The Dutch Safety Investigation Board have a much broader scope, such as investigating the consequences for the environment of the accident. They are not looking for who is/are guilty for this disaster, in any case they donot have the necessary expertise for that.
An extremely busy traffic route very close, too close, to the Wadden (Wetlands or Mudflats)) Islands which forms together with the Wadden Sea an unique area that is on the Unesco Heritage list.
In the mean time the five mayors of the effected islands have written a letter to the Cabinet in which they demand a better control of ships and cargo that in great numbers are skimming the islands every day of the year. More accidents are bound to happen with this volume of traffic. One possibility is to close the shallow water route for ships up to a certain draft or close it all together so that all ships have to follow the safer deep water route.
Roughly measured in Google Earth the distance travelled from 21.45 hours till 01.00 hours is 67.5 nm. The average speed is then about 12.9 knots. I calculated the GM with the help of the USCG Weather Criterion roughly at GM = 1. T(roll) ≈ 35 sec.
Climbing on a container in rough weather is a risky business. If the guy has a survival suit on then it is not orange colored! The container was somewhat later brought ashore. Minus 1 and a couple of hundreds still to go.
Two Dutch salvage vessels will arrive this afternoon at the area were the containers were lost. One of these ships has special sonar equipment installed as well as remotely controlled underwater cameras. A third Norwegian salvage vessel lying in the harbor of Esbjerg, Denmark will join later in the day. They will start with a container that is obstructing the fairway. However, it remains to be seen whether they can really start today on account of the weather that is deteriorating at the moment. It is expected that the salvage operation will take a couple of months.
The MSC Zoe discharged 450 containers, of which hundreds were damaged, at the container terminal in Bremerhaven. In the mean time the ship left for Gdynia or Gdansk and is berthed there at the moment.
Unfortunately so far there is no news on the causes of the loss of so many containers. It remains a kind of mystery how this could happen. It was stormy with wave heights of about 6 - 7 meters at most but under these conditions and with the size of this ship one would not expect this to happen.
The Chicago Express which rolled 44° due to a rogue wave and came out unscathed.
Compare this to the accident with the Chicago Express which came unscathed, not one container was lost, out a roll of 44° where due to the enormous accelerative forces everyone present was catapulted across the bridge. The Officer on Watch was the only person on the bridge able to hold on to the chart table. The Lookout (AB) was killed and the master seriously injured.
Despite the heavy forces to which the CHICAGO EXPRESS was exposed because of the typhoon in rough seas, there was no notable damage on or in the vessel.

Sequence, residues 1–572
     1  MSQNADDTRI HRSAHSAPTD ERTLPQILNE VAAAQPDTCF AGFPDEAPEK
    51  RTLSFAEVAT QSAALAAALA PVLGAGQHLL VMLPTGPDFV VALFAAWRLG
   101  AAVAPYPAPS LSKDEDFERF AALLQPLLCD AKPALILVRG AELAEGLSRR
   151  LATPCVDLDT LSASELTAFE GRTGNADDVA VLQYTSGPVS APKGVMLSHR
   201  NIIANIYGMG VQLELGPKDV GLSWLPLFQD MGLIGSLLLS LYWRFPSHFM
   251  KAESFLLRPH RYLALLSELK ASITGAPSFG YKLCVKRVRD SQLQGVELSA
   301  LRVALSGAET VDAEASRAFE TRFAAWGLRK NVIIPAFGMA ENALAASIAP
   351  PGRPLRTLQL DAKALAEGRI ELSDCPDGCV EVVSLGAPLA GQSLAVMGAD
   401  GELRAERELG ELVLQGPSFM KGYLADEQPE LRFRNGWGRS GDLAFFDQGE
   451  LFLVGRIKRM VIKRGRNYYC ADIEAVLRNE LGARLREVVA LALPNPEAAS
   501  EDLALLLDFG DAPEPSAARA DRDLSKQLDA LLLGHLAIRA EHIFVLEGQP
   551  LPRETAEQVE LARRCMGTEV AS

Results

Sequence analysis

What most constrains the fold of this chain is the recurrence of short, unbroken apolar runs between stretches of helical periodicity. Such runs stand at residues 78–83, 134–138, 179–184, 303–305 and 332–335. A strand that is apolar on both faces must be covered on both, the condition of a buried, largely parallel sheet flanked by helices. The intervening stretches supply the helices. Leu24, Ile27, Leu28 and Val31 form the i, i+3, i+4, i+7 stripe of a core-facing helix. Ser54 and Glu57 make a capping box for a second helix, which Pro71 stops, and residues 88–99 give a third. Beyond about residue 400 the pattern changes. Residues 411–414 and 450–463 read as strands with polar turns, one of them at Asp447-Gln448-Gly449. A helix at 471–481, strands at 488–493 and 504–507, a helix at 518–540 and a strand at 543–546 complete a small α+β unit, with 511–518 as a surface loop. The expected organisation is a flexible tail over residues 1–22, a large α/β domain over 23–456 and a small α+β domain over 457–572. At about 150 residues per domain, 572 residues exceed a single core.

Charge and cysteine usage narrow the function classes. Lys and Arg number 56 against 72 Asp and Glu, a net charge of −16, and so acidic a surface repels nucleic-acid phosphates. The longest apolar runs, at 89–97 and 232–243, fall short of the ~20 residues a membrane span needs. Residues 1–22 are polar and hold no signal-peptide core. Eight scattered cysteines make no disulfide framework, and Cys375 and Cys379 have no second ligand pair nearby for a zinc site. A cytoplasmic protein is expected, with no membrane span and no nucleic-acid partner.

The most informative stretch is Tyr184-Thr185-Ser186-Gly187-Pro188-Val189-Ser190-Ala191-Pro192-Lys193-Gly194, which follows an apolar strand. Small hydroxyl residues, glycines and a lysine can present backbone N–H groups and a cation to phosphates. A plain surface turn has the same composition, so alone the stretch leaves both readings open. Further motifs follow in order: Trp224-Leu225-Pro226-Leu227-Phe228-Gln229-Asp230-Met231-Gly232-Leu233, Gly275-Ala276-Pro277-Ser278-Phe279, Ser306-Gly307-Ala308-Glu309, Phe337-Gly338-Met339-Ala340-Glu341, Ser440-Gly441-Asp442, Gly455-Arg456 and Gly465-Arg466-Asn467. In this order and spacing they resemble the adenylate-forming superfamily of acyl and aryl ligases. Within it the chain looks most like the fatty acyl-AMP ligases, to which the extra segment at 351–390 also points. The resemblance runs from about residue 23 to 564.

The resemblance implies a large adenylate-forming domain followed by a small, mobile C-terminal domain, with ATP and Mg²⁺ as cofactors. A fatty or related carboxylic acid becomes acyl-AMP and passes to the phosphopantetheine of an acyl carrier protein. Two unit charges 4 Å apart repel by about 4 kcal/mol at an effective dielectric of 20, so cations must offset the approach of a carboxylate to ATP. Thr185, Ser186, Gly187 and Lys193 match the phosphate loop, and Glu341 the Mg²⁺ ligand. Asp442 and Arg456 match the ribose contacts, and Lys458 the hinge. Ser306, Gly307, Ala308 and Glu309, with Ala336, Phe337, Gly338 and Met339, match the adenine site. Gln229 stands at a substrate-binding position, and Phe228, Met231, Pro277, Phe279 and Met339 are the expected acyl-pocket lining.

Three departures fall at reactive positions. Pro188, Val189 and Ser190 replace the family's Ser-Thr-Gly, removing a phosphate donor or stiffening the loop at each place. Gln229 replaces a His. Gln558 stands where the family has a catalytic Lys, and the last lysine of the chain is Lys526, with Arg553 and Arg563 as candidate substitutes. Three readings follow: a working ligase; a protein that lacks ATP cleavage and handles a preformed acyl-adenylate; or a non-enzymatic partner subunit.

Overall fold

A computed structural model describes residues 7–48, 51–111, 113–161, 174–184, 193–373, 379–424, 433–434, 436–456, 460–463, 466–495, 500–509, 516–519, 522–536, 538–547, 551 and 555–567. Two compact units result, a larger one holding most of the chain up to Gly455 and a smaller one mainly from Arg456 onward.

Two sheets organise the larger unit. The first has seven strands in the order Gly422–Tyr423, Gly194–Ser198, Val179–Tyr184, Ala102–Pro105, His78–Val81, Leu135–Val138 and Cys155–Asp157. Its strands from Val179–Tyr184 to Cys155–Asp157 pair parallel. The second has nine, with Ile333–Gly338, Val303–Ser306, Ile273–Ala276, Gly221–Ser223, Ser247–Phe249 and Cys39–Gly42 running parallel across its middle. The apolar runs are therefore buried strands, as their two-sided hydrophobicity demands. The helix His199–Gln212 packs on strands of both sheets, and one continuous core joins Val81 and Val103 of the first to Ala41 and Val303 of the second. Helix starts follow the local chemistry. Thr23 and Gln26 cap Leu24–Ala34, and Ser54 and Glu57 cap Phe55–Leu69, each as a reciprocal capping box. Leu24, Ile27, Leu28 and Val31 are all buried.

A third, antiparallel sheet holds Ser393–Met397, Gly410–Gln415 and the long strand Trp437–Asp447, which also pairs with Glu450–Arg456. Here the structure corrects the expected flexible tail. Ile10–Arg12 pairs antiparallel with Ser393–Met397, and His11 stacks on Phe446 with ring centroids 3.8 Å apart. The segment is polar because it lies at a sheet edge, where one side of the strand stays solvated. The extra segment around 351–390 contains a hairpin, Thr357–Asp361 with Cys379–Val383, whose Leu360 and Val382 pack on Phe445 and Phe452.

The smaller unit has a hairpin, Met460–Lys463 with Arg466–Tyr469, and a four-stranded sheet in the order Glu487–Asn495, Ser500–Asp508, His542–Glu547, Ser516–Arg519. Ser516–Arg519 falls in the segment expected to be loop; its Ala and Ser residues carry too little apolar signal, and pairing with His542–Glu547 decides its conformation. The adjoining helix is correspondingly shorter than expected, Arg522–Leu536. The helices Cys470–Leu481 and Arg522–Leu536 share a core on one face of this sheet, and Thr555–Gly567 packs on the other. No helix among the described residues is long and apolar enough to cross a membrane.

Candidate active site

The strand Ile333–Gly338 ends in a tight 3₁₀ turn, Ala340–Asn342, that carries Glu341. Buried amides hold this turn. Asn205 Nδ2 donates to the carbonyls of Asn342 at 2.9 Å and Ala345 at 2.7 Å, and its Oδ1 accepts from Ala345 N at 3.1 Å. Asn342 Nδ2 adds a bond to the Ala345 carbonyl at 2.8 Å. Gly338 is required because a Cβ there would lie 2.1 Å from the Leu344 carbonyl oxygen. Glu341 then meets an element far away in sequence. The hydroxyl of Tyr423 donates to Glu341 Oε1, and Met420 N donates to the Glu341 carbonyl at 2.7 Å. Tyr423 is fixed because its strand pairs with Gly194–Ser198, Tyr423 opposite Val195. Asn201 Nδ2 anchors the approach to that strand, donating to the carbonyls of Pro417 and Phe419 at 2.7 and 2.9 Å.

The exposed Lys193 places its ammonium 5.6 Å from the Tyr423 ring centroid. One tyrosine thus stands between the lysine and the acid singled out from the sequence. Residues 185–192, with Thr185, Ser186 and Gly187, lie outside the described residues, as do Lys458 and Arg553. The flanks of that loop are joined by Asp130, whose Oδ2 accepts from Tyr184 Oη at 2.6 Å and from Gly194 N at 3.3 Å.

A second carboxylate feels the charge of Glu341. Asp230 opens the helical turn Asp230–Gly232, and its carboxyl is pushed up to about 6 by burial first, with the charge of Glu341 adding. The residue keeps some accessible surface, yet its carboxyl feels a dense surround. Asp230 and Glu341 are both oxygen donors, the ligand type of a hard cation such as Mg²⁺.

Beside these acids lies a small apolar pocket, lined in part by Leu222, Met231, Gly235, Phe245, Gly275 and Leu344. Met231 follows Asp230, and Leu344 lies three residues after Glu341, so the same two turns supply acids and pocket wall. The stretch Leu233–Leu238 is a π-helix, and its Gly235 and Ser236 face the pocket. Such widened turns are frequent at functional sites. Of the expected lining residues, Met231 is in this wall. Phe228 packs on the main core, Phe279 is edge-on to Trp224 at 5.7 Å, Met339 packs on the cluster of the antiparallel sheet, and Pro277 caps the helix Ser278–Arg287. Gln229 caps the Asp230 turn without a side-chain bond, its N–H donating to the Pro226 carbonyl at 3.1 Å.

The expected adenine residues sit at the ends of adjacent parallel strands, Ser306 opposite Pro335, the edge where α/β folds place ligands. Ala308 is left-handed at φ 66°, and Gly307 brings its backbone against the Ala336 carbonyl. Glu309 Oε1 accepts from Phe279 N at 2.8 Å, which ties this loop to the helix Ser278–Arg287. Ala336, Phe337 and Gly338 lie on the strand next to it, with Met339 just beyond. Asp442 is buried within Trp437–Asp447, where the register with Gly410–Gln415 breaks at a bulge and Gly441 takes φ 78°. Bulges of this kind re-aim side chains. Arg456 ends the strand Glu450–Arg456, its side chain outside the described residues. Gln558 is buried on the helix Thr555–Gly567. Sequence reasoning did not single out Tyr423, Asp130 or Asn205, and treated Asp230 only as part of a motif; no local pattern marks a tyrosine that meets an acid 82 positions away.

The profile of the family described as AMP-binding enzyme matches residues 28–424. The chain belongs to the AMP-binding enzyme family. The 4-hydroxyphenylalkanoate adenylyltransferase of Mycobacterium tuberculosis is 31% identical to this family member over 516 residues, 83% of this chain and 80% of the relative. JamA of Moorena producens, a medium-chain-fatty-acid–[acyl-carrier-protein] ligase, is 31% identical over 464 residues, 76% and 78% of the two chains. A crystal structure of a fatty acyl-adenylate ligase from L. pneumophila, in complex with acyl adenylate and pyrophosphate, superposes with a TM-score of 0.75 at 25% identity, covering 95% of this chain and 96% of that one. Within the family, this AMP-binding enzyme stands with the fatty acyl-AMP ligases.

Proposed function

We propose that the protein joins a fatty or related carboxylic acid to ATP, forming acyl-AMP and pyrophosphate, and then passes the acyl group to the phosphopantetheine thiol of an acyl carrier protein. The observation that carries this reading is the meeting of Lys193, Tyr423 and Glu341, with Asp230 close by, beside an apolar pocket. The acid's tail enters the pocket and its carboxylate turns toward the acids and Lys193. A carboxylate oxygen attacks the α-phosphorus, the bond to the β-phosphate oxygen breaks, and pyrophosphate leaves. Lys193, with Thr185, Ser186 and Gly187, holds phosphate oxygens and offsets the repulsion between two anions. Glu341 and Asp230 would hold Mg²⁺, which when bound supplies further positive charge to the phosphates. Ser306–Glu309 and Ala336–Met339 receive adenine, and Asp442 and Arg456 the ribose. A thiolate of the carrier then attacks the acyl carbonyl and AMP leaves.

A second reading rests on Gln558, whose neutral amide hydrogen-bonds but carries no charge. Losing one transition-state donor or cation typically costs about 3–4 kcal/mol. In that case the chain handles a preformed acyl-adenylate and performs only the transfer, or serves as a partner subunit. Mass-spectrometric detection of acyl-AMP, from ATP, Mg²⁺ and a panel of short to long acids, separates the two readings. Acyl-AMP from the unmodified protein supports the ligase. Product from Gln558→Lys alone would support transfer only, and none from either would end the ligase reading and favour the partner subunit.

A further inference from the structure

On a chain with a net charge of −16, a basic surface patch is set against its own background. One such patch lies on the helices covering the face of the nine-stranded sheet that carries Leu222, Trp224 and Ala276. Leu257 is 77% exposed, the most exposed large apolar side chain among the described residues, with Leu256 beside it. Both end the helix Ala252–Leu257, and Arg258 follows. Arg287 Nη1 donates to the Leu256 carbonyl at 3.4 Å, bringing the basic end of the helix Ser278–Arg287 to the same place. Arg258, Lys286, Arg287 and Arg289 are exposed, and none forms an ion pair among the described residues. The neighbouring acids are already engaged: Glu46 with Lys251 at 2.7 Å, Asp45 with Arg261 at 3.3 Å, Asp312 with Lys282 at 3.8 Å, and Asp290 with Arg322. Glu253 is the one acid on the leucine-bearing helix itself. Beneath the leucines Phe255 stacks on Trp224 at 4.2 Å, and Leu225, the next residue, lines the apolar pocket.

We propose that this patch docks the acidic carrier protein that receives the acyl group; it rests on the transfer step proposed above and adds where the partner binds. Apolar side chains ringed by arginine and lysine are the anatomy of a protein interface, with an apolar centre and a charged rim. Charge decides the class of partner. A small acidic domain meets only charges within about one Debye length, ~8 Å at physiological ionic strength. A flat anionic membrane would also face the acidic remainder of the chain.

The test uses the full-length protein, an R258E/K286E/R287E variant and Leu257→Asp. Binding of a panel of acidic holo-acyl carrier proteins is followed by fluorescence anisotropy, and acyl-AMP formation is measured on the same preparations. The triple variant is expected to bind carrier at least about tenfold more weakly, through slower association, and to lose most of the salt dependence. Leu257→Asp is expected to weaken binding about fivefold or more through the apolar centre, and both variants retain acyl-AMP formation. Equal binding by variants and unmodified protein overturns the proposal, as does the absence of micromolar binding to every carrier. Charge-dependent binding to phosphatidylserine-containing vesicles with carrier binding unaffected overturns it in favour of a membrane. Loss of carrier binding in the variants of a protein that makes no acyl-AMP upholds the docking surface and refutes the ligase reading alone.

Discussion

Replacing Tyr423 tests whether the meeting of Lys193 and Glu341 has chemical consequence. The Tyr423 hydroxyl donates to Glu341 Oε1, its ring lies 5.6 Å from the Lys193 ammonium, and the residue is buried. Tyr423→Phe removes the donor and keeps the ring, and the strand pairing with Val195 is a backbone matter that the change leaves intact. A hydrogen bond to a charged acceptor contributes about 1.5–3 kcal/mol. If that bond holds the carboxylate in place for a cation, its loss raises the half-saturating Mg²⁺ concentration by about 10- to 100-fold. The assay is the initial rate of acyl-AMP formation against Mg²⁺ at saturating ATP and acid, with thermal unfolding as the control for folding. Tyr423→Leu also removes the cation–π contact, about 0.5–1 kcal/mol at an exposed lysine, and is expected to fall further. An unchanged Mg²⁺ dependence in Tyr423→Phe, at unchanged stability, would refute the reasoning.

The accuracy of the inclinometer under these circumstances is somewhat questionable because of a transversal force of 1 g or more that was present, but nevertheless…
That Chicago Express incident report is interesting. I’d summarize the report by saying the ship could unexpectedly take a wicked bad roll in heavy weather more or less any time. Countermeasure is to install more handrails in the bridge.
The missing handrails was indeed a stupid omission.
I also found that it was a very interesting, well written report from which a number of lessons can be learned, some of which should be well known, such as:
Low roll damping due to low speed.
The expertise shows that the accident is the result of the swell transmitting energy into the vessel due to the direct swell moment. Since the vessel has very high stability, she absorbs a lot of energy; however, she is unable to disperse this rolling energy quickly enough because of the limited damping, meaning that extremely large roll angles occur when she is hit by about two or three big waves in succession. This is not a parametric excitation and there is also no resonance present.
However, due to the structural characteristics of large and very large container vessels these are particularly prone to absorbing high levels of swell moment because of their large bow flare. In that regard, it proves to be critical that there are no statutory, flag state, or – as far as one can see – class- related requirements for minimum roll damping. Rather, it is the case that, for example, the structural design of bilge keels, which serve as a proven structural means for influencing roll damping, has seen no significant changes in recent decades. This is astonishing when one considers that the length and breadth of some vessels has doubled in the intervening period.
Only then will it be possible to develop the state of technology based on these findings in a manner that wave and surface current monitoring systems will become genuinely effective on this basis and thus safety-enhancing shipboard prediction instruments with certainty in the future.
In theory, the accident could only have been avoided if the crew had sailed considerably faster or simply drifted the vessel abeam and both of these possibilities were impracticable. Ultimately, increasing the roll damping by partially filling ballast tanks would, theoretically, have had a positive impact on the course of the accident.